Longing and Disillusion
I remember that when I started this flamenco aficionado thing, in the 1970s, there were still places in Seville where artists would hang out, some trying to make a living, and others just for the sake of chatting about cante, baile and guitar. I had the chance to partake at the celebrated Venta Vega(1), located on the road from Seville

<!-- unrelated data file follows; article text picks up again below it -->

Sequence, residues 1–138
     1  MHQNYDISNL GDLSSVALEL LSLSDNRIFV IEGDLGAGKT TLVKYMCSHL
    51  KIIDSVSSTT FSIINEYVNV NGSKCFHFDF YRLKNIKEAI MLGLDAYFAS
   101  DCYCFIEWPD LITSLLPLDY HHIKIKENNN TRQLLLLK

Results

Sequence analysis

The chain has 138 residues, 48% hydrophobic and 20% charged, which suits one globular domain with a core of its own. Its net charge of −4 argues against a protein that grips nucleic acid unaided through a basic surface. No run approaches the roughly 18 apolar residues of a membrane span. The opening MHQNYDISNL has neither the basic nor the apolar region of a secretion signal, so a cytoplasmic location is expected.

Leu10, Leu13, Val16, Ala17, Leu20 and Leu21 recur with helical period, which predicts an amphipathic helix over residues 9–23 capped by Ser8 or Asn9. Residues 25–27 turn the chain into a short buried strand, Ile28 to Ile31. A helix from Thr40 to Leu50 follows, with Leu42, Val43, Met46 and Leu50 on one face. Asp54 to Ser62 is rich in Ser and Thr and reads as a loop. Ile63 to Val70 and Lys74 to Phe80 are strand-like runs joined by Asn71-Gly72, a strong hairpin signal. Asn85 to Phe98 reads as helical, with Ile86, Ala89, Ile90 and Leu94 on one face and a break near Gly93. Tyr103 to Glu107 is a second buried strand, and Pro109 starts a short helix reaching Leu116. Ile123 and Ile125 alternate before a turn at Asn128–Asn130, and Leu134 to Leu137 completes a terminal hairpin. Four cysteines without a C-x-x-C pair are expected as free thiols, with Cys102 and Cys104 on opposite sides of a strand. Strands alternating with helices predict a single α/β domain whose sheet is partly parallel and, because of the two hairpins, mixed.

I remember that when I started this flamenco aficionado thing, in the 1970s, there were still places in Seville where artists would hang out, some trying to make a living, and others just for the sake of chatting about cante, baile and guitar. I had the chance to partake at the celebrated Venta Vega(1), located on the road from Seville to Cádiz, just before Bellavista. There I had the pleasure of spending some nights sharing music and drinks with cantaores such as Niño de Fregenal, Gordito de Triana, Joaquín de Utrera, Cepero de Cantillana and Niño de Arahal. I also had many conversations with the guitarist Antonio Delgado, brother of Esteban de Sanlúcar. He was already an elderly man, heavy and full of wisdom. That venta was closed a few decades ago. Those days were the golden age of the peñas flamencas, with memorable venues such as Torres Macarena and El Sombrero, in Triana, where was also located the peña of the odontologist Paco Parejo, at Alfarería street, patronized by Antonio Mairena, El Chocolate, Emilio Badía, Antonio el Arenero, Manuel Oliver, Naranjito de Triana and Luis Caballero, among others. There I would often see Rafael Riqueni when he was still a child, always with his father and dreaming of being a famous guitarist. Going to the towns in the province of Seville, such as Morón de la Frontera, Utrera, Lebrija, Mairena del Alcor, Arahal, Dos Hermanas and Los Palacios, where aficionados would meet at the peñas or in the taverns, was like going to a flamenco university. I was 20 years old and I would soak up all the knowledge, the stories, the life experience and the memories of those who had lived so many nights of art. In those days, this was the way to learn flamenco: at meetings in the peñas and taverns, talking with the masters and with the good aficionados. Not many people my age can boast having have chatted with Antonio Mairena, Antonio el Sevillano, Manolo Fregenal, Fernanda de Utrera, Farruco, Manolo Sanlúcar, Matilde Coral, Terremoto de Jerez and El Sordera. I have also fond memories of fellow flamenco critics that are no longer with us, such as José Antonio Blázquez and Miguel Acal, two of my mentors. Who does remember them now? Who does remember their great work in behalf of flamenco, undertaken for several decades? Who does remember Emilio Jiménez Díaz from Triana, who although still alive, no longer presents any festival nor gives any conference in peñas? I’m sorry, but that’s one thing that really hurts me deeply: forgetting the people who have done so much for our culture. Not long ago I was talking with a young star of cante, José Valencia, and he agreed that everything has changed a lot, that the artists now lock themselves in their own world, that the old way of learning from the masters and from other aficionados has been lost, that everything has become less human, that there is less flesh and less soul. I’ve noted this even in myself: although I am reportedly the most widely read flamenco critic in the world (according to some gentlemen who did one study recently), and although I’ve been researching flamenco for over forty years, my telephone seldom rings and it seems that all the life experiences I’ve had and all the stories I could tell are of no interest to anyone. So here I am, torn between longing for a time that won’t come back and disillusion, some days fully motivated, and other days just wishing to blow up my computer and go live in the countryside with my dog, growing tomatoes and lettuce and end my days living off memories. I don’t know, perhaps I’ve been doing this for way to long.